my mother uses the Rosetta Stone for Greek -- if your voice is not very clear (my mother's voice is kind of "gravelly" she's in her sixties and has never had a really good "recording" voice) you will NEVER get the thing out of Red into Green where it should be. However, when I tried it (she thought it was broken!) it worked fine. You have to do intonation really just like they do. I found myself mimicking the speaker rather than speaking comfortably, but it is still useful so I agree it's a good way to go.

I think they also will refund you if after 3 mos of so you don't like it? So although it's $$$$$ it might still be a good deal in that regard.

ALL rosetta stone programs are identical... my friend used the Chinese one and she recognized all the pictures etc. So don't expect to learn anything special to Greece, like kinds of Greek food, or words for things you need specific to Greece.
xaroula is offline  
Apr 11th, 2006, 07:58 AM
  #9  
 
Join Date: Mar 2005
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For a beginner, I would recommend "Just Listen and Learn Greek" by Passport Books. I think Rosetta Stone is not what it is cracked up to be, but that is just a personal preference. Many people love Rosetta Stone.
wanderlust5 is offline  
Apr 11th, 2006, 08:24 AM
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I suggest you get a Greek phrasebook with phonetic pronounciations and study it. About 35 years ago I arrived in Greece after having spent several months in Spain and I found the rhythm of the languages to be very similar to each other and several words the same but having different meanings. "Mesa" in Greek means "inside" and in Spanish it means "table". It was confusing and I had to stay on my toes and remember which language I was using but it sorted out eventually.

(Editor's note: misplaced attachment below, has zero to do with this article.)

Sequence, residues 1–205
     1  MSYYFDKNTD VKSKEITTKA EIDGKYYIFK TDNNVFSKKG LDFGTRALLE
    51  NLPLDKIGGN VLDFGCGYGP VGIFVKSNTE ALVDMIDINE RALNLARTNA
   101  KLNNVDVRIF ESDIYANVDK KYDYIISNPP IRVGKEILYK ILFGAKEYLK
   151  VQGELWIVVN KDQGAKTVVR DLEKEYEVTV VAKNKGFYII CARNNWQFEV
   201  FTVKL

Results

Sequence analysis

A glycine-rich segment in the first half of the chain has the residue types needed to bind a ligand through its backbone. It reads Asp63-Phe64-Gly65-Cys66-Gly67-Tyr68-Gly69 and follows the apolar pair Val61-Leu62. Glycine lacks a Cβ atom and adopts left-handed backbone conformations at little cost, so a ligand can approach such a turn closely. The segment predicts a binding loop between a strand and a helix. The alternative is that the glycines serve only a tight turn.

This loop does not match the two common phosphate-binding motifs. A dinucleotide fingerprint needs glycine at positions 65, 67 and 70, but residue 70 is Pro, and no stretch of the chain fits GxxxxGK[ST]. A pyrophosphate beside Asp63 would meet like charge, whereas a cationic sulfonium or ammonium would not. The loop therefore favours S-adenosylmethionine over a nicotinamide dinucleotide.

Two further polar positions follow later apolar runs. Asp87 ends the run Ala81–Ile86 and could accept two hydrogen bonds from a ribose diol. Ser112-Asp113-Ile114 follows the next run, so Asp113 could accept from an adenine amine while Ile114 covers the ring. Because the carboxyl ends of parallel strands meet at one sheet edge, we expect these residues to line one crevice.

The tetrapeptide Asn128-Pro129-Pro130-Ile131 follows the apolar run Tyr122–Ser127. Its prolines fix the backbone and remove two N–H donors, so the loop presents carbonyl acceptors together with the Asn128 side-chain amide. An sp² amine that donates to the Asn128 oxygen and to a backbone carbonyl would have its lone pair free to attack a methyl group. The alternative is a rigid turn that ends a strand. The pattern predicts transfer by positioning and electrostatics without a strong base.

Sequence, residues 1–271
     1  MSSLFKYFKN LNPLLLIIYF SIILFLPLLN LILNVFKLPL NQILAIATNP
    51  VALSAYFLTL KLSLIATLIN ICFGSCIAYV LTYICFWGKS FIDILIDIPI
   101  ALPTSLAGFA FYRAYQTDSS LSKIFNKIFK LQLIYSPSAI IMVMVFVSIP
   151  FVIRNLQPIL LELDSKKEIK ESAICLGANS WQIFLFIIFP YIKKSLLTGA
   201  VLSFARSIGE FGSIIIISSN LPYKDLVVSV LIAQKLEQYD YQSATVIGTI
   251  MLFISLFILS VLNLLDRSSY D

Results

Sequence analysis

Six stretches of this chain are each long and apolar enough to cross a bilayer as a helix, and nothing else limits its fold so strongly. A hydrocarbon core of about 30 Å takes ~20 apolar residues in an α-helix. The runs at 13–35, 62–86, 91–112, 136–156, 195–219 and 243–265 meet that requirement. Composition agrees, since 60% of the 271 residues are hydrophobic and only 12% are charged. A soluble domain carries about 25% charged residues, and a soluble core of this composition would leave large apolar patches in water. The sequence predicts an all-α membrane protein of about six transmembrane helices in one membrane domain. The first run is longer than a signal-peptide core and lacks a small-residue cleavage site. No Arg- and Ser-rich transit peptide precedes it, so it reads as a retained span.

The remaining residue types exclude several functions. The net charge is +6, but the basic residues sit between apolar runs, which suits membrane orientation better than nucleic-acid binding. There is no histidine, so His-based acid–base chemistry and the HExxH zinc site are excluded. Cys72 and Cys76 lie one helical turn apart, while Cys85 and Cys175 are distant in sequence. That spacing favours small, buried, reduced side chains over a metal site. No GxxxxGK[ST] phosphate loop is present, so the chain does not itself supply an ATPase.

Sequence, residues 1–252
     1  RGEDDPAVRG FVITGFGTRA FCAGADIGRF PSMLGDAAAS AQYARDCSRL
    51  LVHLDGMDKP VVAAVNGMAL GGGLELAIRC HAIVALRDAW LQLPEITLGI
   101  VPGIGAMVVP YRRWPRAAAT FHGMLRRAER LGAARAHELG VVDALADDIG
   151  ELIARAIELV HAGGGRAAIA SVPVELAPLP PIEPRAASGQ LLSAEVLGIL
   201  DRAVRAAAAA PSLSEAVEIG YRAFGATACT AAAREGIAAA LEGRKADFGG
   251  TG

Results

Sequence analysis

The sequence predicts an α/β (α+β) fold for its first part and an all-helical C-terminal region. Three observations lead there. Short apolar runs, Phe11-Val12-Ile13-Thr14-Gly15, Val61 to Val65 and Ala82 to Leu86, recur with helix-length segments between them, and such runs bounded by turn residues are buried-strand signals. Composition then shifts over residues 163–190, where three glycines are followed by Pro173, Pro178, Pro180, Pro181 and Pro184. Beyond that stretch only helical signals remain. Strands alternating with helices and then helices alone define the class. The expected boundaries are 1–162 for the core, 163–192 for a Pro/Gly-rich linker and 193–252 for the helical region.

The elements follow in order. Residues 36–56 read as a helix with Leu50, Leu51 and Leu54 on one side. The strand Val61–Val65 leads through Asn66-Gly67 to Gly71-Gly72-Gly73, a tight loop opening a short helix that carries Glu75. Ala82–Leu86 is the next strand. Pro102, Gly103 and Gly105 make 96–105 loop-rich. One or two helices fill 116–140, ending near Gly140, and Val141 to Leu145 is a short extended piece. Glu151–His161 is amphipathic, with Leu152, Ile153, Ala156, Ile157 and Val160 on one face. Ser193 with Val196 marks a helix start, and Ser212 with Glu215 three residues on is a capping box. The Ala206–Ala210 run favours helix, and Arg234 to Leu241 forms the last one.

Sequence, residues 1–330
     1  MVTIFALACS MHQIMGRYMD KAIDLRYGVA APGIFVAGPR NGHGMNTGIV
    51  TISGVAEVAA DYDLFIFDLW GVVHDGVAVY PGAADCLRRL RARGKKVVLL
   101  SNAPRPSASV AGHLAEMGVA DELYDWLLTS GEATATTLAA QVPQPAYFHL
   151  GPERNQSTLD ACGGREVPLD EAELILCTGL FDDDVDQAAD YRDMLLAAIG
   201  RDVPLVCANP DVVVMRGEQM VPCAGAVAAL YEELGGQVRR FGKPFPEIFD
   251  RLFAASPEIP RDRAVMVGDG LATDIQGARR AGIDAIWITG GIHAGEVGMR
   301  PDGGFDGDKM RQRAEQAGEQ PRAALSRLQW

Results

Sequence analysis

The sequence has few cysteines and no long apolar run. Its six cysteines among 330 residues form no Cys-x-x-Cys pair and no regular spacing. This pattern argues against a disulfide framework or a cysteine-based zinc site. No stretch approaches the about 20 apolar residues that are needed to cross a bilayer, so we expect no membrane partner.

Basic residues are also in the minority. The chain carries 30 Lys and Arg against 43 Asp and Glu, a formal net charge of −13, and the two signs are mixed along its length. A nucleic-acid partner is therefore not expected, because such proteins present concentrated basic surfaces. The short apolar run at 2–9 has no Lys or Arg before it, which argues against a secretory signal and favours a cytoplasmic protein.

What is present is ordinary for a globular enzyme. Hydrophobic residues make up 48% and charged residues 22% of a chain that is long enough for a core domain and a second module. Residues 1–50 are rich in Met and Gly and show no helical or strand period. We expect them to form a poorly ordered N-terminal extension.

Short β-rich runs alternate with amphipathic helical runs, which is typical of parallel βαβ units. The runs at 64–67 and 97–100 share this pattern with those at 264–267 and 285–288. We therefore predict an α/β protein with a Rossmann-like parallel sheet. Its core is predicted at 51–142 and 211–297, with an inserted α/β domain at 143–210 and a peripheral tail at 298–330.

Learn the numbers and the days of the week and you are halfway there. Try to pick out each separate words in the phrases. The older the phrase book, the better off you will be. See how they are written. The Greek alphabet is not a mystery but if you use the phonics approach it gets easier and easier.
I might mention that my public library has Rosetta Stone courses that can be done online for free. See if your local library has the same resource.
If all else fails.... get a Greek boyfriend. They are quite willing to teach you lots of things. ;-)
In any event, have a great time!
ahotpoet is offline  
Apr 11th, 2006, 11:46 AM
  #11  
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Thanks to everyone for your responses. Good advice, all. I'm making a trip to my library after work to pick up 'Just listen and learn Greek.' And to ahotpoet: how'd you know I'd be looking for a Greek boyfriend? I think your's might be the best suggestion of all

Melissa
mel_hunt is offline  
Apr 11th, 2006, 01:31 PM
  #12  
 
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ahotpoet is offline  
Apr 14th, 2006, 02:48 PM
  #13  
 
Join Date: Jun 2003
Posts: 29
alpha, vita, gama, delta, epsilon...greek alphabet is not difficult, especially if you are an american student, joining those "Kapa Delta Omega" student communities

In fact greek alphabet is very easy if you pay attention to the following:

1. It has 2 letters for "o"
2. It has 3 letters for "i" (if you add the combinations of letters, then it has 5 letters for "i")

3. "H" in greek alphabet is "I"
4. "v" in greek alphabet is "n"
5. "B" in greek alphabet is "v"
6. "P" in greek alphabet is "R"

Add letters Ã, Ä, È, Ë, Î, Ð, Ó, Ö, Ø, Ù and there you are!! piece of cake!!!

Ok, don't panic! just use your english. Every greek under 40 speaks english.
panoulis is offline  
Nov 11th, 2007, 12:28 PM
  #14  
 
Join Date: Nov 2007
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Check out his blog http://www.hitgreece.com/category/learn-greek

I found the podcast good for begging
thdim is offline